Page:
By Katie Ayoub
July 7, 2019
Chefs know the importance of a solid flavor punch, a unique twist on a familiar dish, and the power of delivering a flavor experience that is singular and memorable. Many of today’s flavor trends help them reach all three of those goals. Of course, there’s also great value in leveraging the less familiar—ingredients and techniques that intrigue guests and spark their curiosity. We’re highlighting four restaurant concepts that made us sit up and take notice, thanks to their unique flavor play. One experiments with fermented jalapeño and chickpea-miso butter in a pasta dish. The second uses sansho pepper in a dessert. The third combines tamarind and grapes in a sauce for barbecue chicken, and the fourth updates chicken and waffles with a savory take on the waffle.
Fermented items like kombucha and miso have entered the limelight in recent years, but fermented pasta? Less familiar. Max Balliet, Chef/Co-Owner of Pizza Lupo, is known for his passion projects, including experimenting with fermentation. His Fermented Jalapeño Farfalle stars egg pasta dough that takes out some of the egg white and replaces it with a purée of lacto-fermented jalapeño. “When you flavor pasta, you have to use something densely packed with flavor—the more intense the better,” he says. He then tosses the farfalle in a mixture of pasta water and housemade chickpea-miso compound butter and adds Benton’s country ham and fresh corn.
“Knowing that I wanted a spicy, sour, funky pasta flavor, I wanted to balance that with something sweet and rich,” says Balliet. “I decided to make the dish a fermentation showcase and use our chickpea miso. Chickpeas, or ceci, are the quintessential Italian legume, and they work great for miso.” He inoculates rice with koji (fungus) spores, and then blends the spores and the rice itself with chickpeas and a healthy dose of salt. This sits for a minimum of 6 months. “The koji breaks down the starches in the chickpeas into amino acids that give an incredible umami punch, and converts starches into sugars, which makes the whole ingredient salty, sweet and unctuous,” he says.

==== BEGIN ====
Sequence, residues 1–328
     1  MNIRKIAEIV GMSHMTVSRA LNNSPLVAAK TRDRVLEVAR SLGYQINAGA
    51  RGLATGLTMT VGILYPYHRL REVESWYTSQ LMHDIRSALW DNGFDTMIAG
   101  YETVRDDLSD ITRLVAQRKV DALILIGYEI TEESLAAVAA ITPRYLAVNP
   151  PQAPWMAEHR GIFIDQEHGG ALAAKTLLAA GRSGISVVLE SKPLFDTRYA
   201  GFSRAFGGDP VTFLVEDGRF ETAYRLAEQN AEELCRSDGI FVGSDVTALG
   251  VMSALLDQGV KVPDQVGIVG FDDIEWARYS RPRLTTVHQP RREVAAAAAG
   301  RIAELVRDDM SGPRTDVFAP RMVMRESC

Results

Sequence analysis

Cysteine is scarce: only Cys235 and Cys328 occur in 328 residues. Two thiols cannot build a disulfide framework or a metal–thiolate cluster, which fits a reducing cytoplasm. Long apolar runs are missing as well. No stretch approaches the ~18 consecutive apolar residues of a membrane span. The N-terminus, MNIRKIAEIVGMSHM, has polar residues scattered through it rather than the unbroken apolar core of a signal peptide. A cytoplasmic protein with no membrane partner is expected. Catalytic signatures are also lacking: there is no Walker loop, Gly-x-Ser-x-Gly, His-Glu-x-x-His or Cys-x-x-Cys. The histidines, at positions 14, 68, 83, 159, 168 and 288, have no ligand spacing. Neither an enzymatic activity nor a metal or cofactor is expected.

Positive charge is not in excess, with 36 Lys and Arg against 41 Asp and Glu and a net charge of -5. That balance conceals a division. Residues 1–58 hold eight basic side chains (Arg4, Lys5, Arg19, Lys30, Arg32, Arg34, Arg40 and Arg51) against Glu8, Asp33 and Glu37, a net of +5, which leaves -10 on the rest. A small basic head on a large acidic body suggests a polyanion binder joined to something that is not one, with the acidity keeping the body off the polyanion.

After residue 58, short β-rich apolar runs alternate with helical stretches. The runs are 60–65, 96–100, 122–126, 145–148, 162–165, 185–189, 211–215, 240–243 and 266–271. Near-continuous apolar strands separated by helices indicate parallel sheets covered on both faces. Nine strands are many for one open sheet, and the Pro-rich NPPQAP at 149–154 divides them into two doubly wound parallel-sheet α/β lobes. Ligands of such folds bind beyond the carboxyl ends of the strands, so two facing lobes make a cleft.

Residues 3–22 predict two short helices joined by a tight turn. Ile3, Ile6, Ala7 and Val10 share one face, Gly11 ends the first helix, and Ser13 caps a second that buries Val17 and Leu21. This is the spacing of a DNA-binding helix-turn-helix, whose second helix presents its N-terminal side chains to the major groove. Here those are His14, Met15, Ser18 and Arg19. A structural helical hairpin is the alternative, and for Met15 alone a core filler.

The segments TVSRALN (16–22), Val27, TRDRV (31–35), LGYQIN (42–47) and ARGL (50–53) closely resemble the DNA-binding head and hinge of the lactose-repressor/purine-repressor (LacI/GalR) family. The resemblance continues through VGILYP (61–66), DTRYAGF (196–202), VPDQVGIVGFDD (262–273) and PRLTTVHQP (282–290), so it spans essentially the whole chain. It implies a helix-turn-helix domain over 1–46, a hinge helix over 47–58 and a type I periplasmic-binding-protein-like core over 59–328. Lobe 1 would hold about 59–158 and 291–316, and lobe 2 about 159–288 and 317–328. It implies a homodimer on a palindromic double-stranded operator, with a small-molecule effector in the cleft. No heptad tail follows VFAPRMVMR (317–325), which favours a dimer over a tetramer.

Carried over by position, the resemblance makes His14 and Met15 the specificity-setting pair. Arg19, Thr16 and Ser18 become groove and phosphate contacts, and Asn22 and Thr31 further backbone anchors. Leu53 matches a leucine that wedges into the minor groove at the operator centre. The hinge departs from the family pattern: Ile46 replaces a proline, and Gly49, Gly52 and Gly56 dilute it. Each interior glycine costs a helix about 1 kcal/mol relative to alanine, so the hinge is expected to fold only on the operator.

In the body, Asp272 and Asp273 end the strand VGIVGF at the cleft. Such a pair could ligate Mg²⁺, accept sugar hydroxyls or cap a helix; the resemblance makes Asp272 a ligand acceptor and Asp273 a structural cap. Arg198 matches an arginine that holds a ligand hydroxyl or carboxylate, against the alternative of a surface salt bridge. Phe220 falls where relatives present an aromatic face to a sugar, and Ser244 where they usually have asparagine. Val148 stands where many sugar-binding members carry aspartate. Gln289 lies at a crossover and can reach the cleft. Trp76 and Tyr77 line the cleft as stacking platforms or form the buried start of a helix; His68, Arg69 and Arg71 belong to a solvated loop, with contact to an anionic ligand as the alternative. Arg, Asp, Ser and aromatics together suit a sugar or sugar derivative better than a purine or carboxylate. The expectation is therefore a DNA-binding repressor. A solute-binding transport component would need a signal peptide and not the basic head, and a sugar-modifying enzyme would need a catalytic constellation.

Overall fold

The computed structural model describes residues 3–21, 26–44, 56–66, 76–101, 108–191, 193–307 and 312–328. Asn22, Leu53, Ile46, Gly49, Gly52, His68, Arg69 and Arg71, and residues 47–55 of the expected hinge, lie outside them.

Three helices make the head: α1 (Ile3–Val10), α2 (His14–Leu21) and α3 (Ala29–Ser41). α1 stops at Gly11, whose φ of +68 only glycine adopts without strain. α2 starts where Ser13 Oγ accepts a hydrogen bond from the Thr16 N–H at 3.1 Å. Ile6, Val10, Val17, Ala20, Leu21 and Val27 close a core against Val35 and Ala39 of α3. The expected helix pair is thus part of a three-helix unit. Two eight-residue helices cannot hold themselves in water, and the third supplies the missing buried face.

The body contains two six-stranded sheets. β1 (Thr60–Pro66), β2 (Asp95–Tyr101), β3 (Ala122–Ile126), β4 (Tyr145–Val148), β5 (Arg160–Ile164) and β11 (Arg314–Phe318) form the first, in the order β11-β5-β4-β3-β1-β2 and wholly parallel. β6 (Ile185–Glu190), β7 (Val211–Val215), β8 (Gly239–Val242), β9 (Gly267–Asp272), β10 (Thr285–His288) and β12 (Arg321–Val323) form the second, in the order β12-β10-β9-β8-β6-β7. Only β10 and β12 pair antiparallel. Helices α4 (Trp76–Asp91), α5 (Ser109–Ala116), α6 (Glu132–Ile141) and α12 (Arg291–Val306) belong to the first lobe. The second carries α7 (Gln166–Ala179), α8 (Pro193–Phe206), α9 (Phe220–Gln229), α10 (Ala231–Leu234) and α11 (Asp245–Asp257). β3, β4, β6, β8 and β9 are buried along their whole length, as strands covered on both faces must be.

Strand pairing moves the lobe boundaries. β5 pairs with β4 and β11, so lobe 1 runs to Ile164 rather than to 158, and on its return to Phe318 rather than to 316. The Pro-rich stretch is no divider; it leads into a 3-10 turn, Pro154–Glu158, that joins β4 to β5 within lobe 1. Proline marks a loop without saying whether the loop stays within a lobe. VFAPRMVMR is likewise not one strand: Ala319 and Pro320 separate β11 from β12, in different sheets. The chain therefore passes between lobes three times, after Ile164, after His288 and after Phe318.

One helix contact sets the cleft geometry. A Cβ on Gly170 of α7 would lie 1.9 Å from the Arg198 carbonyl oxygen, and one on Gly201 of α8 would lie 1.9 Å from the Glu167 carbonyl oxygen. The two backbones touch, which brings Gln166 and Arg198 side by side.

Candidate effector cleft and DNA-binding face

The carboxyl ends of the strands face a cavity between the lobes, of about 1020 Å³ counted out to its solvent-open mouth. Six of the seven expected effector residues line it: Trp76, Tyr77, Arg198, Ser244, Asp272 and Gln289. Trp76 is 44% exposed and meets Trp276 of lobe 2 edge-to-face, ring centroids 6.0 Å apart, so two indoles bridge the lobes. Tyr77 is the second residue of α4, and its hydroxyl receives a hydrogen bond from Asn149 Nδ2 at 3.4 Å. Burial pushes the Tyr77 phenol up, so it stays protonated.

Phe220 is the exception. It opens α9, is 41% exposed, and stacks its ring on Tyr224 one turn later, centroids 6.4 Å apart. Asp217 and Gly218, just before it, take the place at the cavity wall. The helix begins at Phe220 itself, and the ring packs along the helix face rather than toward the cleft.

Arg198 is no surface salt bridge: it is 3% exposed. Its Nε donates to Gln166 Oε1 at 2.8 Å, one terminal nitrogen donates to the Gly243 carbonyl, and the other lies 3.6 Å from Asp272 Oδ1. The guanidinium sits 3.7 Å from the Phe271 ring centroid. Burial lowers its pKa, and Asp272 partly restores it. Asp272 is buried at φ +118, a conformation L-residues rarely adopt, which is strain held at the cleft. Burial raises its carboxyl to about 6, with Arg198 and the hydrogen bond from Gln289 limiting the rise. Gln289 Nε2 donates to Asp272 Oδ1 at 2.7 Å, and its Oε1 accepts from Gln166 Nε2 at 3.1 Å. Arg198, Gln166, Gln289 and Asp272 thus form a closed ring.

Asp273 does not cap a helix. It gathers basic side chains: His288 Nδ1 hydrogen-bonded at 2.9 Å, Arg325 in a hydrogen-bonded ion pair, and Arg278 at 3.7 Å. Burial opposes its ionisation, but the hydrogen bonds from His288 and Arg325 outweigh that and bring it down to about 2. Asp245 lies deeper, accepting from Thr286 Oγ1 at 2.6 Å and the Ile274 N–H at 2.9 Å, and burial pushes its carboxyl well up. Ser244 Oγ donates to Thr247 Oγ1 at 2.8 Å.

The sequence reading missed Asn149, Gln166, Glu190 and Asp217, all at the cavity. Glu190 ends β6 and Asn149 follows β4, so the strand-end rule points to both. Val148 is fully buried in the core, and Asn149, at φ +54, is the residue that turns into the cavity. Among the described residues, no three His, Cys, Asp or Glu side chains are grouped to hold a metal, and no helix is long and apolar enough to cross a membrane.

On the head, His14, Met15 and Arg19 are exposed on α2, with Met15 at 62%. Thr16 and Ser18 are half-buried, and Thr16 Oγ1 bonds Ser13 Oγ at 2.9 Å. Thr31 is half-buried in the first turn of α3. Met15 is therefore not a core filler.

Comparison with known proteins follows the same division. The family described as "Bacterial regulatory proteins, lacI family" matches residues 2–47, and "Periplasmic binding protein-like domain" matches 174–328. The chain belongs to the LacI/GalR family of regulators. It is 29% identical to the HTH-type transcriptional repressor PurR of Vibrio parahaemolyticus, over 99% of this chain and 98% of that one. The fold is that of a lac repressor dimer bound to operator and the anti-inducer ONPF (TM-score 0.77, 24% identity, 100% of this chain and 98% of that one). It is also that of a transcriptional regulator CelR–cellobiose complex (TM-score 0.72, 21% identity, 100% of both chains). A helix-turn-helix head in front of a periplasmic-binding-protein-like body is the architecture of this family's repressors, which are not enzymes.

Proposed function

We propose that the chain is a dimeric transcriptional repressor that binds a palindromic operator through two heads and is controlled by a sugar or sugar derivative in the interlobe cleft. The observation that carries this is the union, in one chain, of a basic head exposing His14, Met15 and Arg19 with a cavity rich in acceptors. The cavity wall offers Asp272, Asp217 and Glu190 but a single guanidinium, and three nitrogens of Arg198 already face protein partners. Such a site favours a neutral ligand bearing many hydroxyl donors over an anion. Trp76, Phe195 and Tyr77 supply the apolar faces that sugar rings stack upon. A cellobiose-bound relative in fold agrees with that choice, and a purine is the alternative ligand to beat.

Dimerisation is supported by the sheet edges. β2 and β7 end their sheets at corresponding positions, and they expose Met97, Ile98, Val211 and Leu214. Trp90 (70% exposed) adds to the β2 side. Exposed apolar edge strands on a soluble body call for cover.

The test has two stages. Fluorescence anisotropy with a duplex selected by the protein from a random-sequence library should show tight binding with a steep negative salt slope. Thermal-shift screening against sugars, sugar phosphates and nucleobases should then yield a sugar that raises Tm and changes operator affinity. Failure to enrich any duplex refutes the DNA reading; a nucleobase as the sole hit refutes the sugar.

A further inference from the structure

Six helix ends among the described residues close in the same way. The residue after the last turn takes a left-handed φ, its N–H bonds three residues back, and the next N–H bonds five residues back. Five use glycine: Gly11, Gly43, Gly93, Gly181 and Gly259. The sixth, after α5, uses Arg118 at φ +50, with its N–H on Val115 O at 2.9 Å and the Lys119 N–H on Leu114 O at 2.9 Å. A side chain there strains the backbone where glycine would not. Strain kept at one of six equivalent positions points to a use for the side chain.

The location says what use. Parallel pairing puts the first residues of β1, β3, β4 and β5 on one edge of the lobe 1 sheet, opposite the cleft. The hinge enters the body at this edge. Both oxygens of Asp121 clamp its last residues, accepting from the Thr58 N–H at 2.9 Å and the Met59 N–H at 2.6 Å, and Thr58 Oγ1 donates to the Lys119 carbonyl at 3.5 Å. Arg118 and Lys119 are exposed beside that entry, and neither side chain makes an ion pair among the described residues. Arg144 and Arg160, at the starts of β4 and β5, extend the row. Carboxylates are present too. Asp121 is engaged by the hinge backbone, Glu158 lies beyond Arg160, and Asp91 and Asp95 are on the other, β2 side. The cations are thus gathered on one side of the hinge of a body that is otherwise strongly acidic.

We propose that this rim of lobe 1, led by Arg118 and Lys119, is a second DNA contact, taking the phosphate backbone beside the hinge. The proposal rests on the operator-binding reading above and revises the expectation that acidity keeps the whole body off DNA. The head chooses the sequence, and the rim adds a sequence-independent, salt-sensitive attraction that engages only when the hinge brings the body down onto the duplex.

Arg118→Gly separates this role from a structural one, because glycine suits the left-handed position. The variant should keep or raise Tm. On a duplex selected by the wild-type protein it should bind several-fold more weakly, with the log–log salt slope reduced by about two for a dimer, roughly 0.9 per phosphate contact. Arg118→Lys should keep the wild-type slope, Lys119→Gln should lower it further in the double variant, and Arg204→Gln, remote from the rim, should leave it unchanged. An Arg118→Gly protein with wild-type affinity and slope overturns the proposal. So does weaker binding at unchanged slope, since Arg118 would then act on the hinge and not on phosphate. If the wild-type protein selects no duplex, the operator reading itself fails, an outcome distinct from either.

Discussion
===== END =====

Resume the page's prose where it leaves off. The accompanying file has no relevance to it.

The sauce combination of tamarind with red grapes is unexpected and delicious. In an inspired move, Billy Strynkowski, Director of Wellness for Restaurant Associates, a subsidiary of Compass Group, pairs it with grilled barbecue chicken and a side of roasted red grapes.
“Pairing tart tamarind with sweet grapes, and then accenting these base ingredients with honey, cumin, and coriander, creates a striking, layered flavor profile that takes notoriously neutral chicken to the next level,” he says. “The grapes perfectly complement but do not smother the tartness of the tamarind. The result is an appealing burst of flavor. Pairing the finished chicken with a side of roasted grapes allows for more juicy grape flavor in a striking side.”
The grilled chicken is coated with the red grape-tamarind sauce, which caramelizes in the final cooking. He finishes the chicken with another brush of the sauce for added moisture. “The use of red California grapes and tamarind together creates this unique barbecue sauce with a delightful sweet-tart flavor that imparts the chicken with almost a Caribbean/Floridian vibe,” says Strynkowski.
A Surprising Finish
Through exhibitions and events, Japan House educates visitors about Japanese culture at its centers in New York, London, São Paulo and Los Angeles. The Inn Ann restaurant is a natural extension of the organization’s mission, where Executive Chef Mori Onodera introduces diners to authentic Japanese flavors. When developing the fine-dining concept’s tasting menu, he wanted to create a uniquely Japanese ice cream, turning to the unfamiliar sansho pepper to make the Sansho Spice Sorbet a signature dessert.
Sansho wasn’t Onodera’s first choice to flavor a frozen treat. He experimented with wasabi, but found its strong flavor overpowering. So he turned to the sansho pepper, relatively unknown in the United States, because he wanted to introduce American palates to it—and because he had a surplus in his pantry. The discovery proved serendipitous. These green pods boast citrus flavor and make the tongue tingle—fitting traits for a modern dessert.
Onodera layers sorbet with the sansho, lemon and other citrus, depending on seasonality (iterations have included yuzu and blood orange). “When enjoying the dish, the first impression is a light, refreshing citrus quality, then the numbing sensation from the sansho pepper kicks in for a satisfying finish,” he says.
You can’t get more Southern than chicken and waffles. At Horsefeather, Executive Chef Ryan Chinchilla uses that classic comfort food to showcase the modern American style for which his restaurant is known. His Fried Chicken is served with a Serrano-pecorino waffle, miso butter, Brussels sprouts, bagna càuda and Sriracha honey.
“The Fried Chicken is a good example of the variety of influences used at Horsefeather,” he says. “The Brussels sprouts are sautéed in bagna càuda, which is herbaceous with garlic and anchovy oil. The sweet and spicy Sriracha honey ties the dish together, adding another layer of flavor, and the miso and waffle combine to make a really cheesy flavor.”
The dish is a top seller at Horsefeather. “Everyone loves fried chicken,” he says. “It’s a slam dunk on any menu. What makes ours stand out is the quality, attention to detail, and unique flavor profile while remaining approachable.”